There are basically three ways to connect the center pole to the ridge pole. The first, and worst, way is to have a hole at each end of the ridge pole, into which the spike of the center pole is fed. The trouble with this method is that both center poles have to remain at right angles to the ridge pole at all times, and that they have to be raised in unison. Otherwise, either the spikes would bend or the ridge pole would crack. I've seen a few tents still made this way, but most manufacturers have gone to the next method.
This second method replaces the hole in the ridge pole end with an eye-bolt big enough to accomodate the center pole spike, as shown in Figure 1. You'll notice that the ridge pole's bottom has been pared down at the end to allow more flexibility in the joint.
|Figure 1: Joint using eye-bolt|
This is the system that I used with most of my own ovals, because it's inexpensive and fairly reliable. It's also versatile enough to accommodate your choice of banners, finials, or nothing at all for the ornament at the top. But it was designed for tents that use side poles, the idea being that the side poles get raised first (with the ropes already attached and staked out, as mentioned in the earlier article), and then the center-pole/ridge-pole assembly is raised. (If this explanation isn't clear to you, you can find the entire set-up method described in the Oval Pavilion Owner's Manual.)
But when I made a few oval tents without any side poles, I found that this system didn't work as well as it might have. These tents were modified hub-and-spoke designs, and I needed to find some way of getting the tent raised by the center poles alone. That's when I remembered the method I used on the Royal Pavilions, and adapted it to the new design. It was the ideal joint because it not only allowed the center poles to assume any angle they pleased with the ridge pole, from parallel to perpendicular, but it also prevented the center poles from putting any torque whatsoever on the ridge pole.
The connection between the center pole and the ridge pole is a hinge:
|Figure 2: The hinge connecting the center pole and the ridge pole|
This joint can be flexed so that the center pole can be folded against the ridge pole:
|Figure 3: The same hinge, flexed|
You'll notice one thing right away, and this is key to the way the mechanism works: the spike is not in the center pole, but in the ridge pole. This means that, no matter what angles the center poles are with respect to the ridge poles, the fabric isn't going to get stretched, and it won't interfere with the range of motion of the joint. This particular tent uses short threaded spikes, upon which finials are screwed, but longer spikes can also be used. The finials serve another purpose, which you'll see shortly.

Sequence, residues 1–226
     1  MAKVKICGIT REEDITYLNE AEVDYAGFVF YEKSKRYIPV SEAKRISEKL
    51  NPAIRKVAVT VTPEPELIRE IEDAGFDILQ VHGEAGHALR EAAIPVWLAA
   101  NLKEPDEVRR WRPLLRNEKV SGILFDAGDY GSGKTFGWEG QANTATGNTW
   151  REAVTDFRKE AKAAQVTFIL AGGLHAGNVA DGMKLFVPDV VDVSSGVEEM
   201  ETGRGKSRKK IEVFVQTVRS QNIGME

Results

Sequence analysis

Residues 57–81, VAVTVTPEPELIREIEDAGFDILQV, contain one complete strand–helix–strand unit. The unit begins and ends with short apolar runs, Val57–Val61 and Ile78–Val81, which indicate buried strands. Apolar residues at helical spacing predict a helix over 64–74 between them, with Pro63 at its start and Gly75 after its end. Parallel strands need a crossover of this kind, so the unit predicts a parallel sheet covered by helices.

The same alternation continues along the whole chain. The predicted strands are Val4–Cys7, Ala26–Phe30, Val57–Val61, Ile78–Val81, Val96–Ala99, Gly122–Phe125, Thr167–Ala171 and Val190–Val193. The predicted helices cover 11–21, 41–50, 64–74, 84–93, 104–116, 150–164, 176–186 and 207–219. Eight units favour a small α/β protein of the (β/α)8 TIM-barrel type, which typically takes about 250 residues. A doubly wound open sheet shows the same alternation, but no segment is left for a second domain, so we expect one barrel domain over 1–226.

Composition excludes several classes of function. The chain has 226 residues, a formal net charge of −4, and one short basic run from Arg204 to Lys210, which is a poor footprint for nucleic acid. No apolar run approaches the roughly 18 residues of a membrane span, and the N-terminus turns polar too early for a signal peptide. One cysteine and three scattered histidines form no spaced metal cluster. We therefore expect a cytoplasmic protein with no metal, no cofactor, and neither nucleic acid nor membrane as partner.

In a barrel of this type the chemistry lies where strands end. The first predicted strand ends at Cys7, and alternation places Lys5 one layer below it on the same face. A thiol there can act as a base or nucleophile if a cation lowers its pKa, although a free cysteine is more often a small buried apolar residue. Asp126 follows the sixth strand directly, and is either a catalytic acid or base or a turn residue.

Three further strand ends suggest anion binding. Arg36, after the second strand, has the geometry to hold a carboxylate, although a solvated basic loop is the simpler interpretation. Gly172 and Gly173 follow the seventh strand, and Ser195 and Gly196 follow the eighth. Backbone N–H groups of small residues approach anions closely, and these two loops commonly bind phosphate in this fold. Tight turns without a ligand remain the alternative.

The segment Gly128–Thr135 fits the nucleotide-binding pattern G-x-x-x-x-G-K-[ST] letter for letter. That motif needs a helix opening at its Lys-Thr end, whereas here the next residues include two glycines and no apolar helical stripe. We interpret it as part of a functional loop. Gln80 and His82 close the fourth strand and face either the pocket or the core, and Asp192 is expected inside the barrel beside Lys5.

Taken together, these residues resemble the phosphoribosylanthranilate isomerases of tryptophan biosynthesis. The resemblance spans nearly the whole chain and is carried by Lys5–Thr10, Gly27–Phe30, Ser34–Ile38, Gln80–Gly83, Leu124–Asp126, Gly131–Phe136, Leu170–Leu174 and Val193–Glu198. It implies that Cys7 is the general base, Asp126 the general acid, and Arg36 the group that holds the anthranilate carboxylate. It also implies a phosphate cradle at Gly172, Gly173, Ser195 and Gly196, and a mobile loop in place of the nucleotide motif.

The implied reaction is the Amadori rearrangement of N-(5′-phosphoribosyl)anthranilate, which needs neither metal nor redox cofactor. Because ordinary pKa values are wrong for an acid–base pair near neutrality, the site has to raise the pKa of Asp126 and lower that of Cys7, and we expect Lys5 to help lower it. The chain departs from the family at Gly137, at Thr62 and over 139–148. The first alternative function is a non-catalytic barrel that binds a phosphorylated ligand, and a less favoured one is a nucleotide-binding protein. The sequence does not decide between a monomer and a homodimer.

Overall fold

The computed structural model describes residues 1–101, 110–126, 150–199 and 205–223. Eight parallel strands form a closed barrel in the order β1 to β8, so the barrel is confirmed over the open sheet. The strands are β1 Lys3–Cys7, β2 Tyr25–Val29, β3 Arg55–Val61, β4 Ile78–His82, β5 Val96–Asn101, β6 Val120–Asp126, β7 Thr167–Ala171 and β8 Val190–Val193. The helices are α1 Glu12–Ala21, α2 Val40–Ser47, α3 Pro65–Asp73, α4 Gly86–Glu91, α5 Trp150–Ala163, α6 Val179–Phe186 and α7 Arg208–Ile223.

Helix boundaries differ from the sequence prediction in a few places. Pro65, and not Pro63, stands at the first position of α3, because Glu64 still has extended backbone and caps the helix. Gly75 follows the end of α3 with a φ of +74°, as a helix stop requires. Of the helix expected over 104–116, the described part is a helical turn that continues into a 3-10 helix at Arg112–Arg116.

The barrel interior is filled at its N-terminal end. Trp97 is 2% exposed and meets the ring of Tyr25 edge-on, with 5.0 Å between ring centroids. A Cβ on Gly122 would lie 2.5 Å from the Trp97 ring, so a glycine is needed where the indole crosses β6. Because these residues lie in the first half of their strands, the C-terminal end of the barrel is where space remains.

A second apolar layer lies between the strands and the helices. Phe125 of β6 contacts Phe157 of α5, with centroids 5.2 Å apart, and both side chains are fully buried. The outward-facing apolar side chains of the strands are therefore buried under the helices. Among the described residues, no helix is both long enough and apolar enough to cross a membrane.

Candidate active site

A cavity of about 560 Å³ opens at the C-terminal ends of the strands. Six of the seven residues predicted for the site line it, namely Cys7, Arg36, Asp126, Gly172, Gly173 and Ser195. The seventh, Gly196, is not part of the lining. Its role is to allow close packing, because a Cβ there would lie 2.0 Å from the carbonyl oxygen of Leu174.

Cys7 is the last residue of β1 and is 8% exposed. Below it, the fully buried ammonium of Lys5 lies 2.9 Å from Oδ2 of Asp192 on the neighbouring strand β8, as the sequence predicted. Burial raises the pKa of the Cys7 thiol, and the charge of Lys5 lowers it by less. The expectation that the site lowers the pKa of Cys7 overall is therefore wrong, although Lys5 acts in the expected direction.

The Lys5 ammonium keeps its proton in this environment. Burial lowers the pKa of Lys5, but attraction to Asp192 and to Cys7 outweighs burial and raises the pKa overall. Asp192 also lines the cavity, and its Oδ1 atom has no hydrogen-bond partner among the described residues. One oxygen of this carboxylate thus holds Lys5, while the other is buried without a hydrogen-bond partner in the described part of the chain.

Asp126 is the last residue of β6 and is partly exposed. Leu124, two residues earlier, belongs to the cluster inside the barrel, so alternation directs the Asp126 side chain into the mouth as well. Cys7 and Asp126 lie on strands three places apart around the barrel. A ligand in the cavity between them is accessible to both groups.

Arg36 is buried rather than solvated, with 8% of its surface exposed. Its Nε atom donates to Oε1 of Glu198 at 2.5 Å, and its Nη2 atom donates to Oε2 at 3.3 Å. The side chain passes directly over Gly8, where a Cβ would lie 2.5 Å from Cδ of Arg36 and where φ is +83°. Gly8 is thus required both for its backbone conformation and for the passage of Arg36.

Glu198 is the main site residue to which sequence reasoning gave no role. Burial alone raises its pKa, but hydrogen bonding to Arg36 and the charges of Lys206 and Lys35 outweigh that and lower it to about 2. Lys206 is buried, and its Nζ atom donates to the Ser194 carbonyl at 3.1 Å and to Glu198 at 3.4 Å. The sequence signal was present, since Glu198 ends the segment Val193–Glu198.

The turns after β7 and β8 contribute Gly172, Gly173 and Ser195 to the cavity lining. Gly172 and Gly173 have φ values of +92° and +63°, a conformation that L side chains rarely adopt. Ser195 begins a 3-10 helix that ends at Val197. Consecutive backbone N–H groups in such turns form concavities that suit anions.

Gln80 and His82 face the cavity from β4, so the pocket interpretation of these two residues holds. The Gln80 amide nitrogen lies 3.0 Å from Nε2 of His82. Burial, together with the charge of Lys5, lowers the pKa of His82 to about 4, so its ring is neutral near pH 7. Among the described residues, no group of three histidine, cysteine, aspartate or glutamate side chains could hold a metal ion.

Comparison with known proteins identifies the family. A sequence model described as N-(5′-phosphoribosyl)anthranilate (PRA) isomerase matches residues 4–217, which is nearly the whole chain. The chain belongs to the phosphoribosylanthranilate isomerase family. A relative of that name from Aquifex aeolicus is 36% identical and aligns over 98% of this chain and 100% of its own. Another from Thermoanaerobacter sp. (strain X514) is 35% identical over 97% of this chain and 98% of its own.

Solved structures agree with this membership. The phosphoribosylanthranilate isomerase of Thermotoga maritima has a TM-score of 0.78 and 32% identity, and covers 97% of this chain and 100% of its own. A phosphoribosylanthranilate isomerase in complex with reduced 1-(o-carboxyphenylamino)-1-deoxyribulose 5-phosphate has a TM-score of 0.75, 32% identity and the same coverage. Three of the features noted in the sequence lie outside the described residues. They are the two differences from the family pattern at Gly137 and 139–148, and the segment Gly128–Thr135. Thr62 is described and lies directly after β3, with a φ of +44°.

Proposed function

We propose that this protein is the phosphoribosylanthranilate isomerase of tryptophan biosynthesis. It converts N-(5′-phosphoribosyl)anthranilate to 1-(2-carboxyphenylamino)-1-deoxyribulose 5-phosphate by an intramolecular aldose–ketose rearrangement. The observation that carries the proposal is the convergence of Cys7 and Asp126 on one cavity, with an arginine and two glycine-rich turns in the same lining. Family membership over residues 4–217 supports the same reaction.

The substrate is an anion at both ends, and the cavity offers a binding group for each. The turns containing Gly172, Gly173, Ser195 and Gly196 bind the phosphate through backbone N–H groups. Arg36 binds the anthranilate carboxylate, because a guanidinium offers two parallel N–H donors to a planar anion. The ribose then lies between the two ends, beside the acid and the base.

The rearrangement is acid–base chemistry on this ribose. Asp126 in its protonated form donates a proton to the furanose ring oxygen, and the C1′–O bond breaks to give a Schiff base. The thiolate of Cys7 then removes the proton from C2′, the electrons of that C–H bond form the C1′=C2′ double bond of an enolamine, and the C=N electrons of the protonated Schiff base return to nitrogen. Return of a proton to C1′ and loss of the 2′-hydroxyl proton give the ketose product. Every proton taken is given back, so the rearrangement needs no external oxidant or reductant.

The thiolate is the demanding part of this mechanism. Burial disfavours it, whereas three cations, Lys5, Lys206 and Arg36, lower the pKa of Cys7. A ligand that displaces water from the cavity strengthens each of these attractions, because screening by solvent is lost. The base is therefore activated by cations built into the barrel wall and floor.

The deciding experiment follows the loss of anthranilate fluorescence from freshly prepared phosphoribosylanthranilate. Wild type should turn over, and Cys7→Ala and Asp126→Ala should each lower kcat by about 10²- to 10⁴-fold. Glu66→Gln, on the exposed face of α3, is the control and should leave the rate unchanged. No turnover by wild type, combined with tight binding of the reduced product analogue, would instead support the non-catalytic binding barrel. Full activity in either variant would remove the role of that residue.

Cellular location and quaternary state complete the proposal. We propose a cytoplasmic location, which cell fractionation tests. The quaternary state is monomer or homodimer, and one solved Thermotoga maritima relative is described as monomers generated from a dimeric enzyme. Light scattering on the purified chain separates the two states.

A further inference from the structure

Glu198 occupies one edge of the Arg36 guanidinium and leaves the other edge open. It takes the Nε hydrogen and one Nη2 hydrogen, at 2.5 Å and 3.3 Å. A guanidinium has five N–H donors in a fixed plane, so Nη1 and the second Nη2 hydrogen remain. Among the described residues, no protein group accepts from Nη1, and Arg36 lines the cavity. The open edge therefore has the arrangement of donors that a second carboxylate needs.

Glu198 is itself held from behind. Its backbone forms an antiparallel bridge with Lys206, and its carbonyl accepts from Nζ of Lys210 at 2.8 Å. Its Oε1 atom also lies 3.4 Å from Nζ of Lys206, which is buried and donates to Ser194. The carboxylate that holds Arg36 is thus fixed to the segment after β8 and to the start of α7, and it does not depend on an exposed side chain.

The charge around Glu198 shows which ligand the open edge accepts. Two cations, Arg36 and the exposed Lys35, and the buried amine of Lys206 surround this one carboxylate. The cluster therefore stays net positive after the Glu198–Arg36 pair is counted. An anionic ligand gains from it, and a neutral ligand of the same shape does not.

The second component that makes the system work is the sleeve in the center of the ridge pole. This sleeve does more than simply join the two halves together. The important thing is that it's round, and it's attached to one of the ridge pole halves. The second half slips into the socket, but it's free to rotate within it.
|Figure 4: The ridge pole sleeve|
The assembled system is laid on the ground where you want the tent to be set up. In this case, it's laying on the fitted ground cloth for the tent.
|Figure 5: The frame positioned on the ground.|
In the picture below, the frame is complete except that the lower halves of the center poles haven't been fitted to the upper halves yet. This is to show you how I can grab one center pole and rotate it first one way:
|Figure 6: The pole flexed up|
And then the other way:
|Figure 7: The pole flexed down|
without the other center pole budging an inch. This is what the ridge pole sleeve allows me to do.
The next step is to locate where the wind line stakes go. With the ridge pole laying on the ground (or ground cloth) exactly between where the center poles will eventually sit, I stretch the tent roof over the ridge pole and put the spikes through their respective grommets in the roof. Then I slip the loop at the end of each wind line over the spike, and screw on the finials to keep the ropes in place. Keeping the ridge pole properly located, I stretch out the wind lines at a forty-five degree angle from the ridge pole, and drive a stake at a distance at least equal to the height of the center poles. In the picture below, I'm pointing at one of the stakes just next to my left foot. There are four of these wind lines altogether, two from each end of the ridge pole. Finally, I adjust the ropes to where they'll be approximately tight when the poles are up (figure a length approximately half again as long as the center pole, and you'll be close enough), and slip the loops onto the stakes.
|Figure 8: Positioning the wind lines|
Now the fun part begins. I've assembled the center pole halves, and am preparing to lift up the first center pole. If there's any wind, this would be the pole on the windward side of the tent.
|Figure 9: Raising the first center pole|
Up it goes:
|Figure 10: Still raising the first center pole|
And it's almost all the way up.
|Figure 11: Center pole almost up|
You'll notice that, since the ridge pole is a tad shorter than the center poles, its opposite end is actually off the ground. But no matter, because the joint system allows that to happen without stressing the fabric or the frame at all. And the wind lines will keep the pole vertical. Now the other center pole gets raised
|Figure 12: Raising the second center pole|
And the tent is up!
|Figure 13: Voila!|
The wind lines will hold the pole erect while I busy myself putting the half-hubs onto the center poles and putting in the spokes. If I were using the kind of hub the center pole slips into, of course, I would have put them on the center poles before the tent was raised.
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